By: Faith Vickery
CHIUSDINO, Italy— Contrary to American culture, in Italy a glass of wine is perfectly acceptable to consume at the ripe hour of 1 pm; therefore a proper wine tasting was certainly in order.
Jessica Haden, the Spannocchia farm intern director, placed a bottle of white, rosé and red wine, as well as some Vin Santo, a sweet Italian dessert wine, before us. All varieties were produced right on the farm.
With a long-stemmed glass in our hands we were instructed to not sip or smell but look at the wine in our glass. Color, viscosity, and opaqueness all characterized the wines we were about to encounter.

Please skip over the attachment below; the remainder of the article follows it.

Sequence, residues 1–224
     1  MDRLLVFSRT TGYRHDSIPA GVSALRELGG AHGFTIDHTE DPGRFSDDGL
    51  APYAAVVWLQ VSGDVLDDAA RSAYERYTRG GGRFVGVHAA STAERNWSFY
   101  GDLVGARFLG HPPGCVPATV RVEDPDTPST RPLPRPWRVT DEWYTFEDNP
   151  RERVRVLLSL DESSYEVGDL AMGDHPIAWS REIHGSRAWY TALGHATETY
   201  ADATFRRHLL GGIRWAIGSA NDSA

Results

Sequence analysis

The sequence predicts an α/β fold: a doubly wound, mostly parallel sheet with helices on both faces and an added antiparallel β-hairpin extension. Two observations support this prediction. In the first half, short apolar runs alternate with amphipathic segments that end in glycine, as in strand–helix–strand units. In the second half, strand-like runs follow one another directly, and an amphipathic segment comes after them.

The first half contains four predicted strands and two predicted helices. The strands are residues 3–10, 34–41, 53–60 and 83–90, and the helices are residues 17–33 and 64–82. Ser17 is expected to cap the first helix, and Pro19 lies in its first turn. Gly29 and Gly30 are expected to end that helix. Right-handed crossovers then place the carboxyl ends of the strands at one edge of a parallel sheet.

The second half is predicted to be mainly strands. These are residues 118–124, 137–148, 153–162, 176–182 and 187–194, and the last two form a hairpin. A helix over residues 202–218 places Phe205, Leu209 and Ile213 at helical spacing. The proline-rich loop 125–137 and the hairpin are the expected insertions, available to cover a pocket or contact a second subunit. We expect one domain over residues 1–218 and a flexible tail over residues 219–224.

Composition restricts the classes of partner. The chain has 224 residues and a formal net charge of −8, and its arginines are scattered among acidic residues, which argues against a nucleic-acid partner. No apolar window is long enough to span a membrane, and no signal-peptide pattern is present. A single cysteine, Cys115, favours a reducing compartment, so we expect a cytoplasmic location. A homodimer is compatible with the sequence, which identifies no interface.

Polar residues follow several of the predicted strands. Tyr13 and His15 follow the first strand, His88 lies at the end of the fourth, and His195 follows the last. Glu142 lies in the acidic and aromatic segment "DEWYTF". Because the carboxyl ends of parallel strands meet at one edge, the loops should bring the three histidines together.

The next step was to smell. We swirled the wine around in our glass to aerate and release the natural aromas. We learned not to sniff forcefully, but rather just breath with our nose over the glass. The white wine hinted at an apple scent while the rosé wafted floral. Our novice noses even picked up cloves in the red wine.
Finally we were told to taste the wine. To properly taste wine, we learned to coat the inside of our mouths to reach all taste buds. We discussed the acidity, the sweetness, and the finish of each wine.
Jessica referred to wine tasting as organoleptic, feeling something with all of your senses. I’d never thought of it this way but tend to agree. Next time you taste wine, don’t just taste, but see the vines, smell the grapes, and let the wine unravel it’s complexity right before you.